Last but not the least, if you’ve done public speaking and have been scarred from a bad experience, try seeing it as a lesson learned to improve yourself as a speaker.

Don’t beat yourself up after a presentation

We are the hardest on ourselves and it’s good to be. But when you finish delivering your speech or presentation, give yourself some recognition and a pat on the back.

You managed to finish whatever you had to do and did not give up. You did not let your fears and insecurities get to you. Take a little more pride in your work and believe in yourself.

Improve your next speech

As mentioned before, practice does make perfect. If you want to improve your public speaking skills, try asking someone to film you during a speech or presentation. Afterwards, watch and observe what you can do to improve yourself next time.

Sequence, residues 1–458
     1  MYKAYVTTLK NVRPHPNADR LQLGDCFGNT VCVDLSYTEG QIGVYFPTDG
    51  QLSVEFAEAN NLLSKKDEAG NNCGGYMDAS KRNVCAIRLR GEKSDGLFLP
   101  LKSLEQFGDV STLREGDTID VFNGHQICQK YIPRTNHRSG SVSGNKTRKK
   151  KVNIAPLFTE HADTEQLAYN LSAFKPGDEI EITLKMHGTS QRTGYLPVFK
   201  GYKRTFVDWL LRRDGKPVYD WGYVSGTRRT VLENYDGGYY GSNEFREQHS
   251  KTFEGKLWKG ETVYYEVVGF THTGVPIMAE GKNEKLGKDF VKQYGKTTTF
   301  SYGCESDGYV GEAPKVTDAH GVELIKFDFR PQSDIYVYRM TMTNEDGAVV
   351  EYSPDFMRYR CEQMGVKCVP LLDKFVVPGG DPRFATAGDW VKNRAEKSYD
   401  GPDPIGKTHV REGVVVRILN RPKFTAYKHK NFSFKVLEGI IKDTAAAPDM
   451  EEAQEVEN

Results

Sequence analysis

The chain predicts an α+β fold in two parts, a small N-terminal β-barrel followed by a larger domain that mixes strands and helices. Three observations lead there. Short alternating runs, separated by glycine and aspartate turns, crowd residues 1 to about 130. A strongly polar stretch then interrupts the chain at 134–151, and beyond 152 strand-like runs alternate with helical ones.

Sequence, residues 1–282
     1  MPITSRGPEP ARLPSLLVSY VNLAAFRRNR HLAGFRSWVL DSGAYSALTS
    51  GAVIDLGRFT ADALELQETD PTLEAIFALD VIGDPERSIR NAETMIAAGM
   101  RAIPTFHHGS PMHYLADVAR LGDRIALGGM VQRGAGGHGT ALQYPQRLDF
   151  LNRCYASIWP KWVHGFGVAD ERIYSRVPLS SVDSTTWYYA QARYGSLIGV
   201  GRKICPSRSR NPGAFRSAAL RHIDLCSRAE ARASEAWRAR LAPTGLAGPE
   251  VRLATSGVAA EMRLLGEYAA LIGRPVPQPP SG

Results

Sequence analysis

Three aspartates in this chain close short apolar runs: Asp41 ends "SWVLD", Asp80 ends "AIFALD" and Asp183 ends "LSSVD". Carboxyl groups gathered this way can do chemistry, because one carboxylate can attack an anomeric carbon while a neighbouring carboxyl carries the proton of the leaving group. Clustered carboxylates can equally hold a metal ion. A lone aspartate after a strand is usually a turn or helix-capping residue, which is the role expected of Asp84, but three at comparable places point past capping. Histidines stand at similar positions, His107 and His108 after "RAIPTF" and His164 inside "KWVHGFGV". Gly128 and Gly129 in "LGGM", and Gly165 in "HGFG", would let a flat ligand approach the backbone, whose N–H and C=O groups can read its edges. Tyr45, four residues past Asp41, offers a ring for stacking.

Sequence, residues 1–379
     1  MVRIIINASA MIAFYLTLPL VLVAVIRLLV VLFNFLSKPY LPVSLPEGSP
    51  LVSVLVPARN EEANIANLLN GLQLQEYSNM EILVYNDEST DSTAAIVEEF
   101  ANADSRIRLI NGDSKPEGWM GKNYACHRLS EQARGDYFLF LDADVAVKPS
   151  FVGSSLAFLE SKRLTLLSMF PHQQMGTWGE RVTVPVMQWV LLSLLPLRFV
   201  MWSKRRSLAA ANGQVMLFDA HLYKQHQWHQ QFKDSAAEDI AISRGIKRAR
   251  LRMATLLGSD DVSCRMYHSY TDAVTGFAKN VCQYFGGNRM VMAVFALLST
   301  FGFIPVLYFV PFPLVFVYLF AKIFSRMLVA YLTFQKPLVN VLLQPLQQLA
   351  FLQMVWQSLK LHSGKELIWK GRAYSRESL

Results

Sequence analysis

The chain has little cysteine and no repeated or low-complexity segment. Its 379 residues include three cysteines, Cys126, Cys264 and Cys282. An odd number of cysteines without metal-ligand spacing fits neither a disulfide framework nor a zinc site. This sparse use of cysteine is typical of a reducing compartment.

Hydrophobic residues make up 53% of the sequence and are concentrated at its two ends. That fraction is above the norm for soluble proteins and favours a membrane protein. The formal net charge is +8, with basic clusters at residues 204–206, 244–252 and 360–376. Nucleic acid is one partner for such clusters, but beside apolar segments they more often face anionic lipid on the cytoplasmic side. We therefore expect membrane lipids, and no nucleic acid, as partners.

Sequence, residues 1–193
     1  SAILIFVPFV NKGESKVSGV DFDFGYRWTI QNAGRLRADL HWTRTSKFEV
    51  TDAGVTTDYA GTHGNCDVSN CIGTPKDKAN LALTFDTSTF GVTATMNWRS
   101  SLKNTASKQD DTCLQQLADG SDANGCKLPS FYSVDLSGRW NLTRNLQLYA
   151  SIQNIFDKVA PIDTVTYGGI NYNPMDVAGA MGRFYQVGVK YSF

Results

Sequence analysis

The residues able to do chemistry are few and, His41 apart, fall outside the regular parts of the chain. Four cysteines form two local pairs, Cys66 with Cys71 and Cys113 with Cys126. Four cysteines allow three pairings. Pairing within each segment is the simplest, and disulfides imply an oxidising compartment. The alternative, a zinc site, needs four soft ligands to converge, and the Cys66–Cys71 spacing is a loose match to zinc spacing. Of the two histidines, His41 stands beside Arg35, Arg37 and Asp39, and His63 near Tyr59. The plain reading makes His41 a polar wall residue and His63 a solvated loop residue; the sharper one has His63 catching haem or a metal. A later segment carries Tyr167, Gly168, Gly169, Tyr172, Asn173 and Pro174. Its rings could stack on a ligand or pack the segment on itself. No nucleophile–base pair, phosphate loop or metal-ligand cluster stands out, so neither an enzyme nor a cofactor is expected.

Here are some questions you can ask yourself after every speech:

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  • How did I do?
  • Are there any areas for improvement?
  • Did I sound or look stressed?
  • Did I stumble on my words? Why?
  • Was I saying “um” too often?
  • How was the flow of the speech?

Write everything you observed down and keep practicing and improving. In time, you’ll be able to better manage your fears of public speaking and appear more confident when it counts.

If you want even more tips about public speaking or delivering a great presentation, check out these articles too:

Reference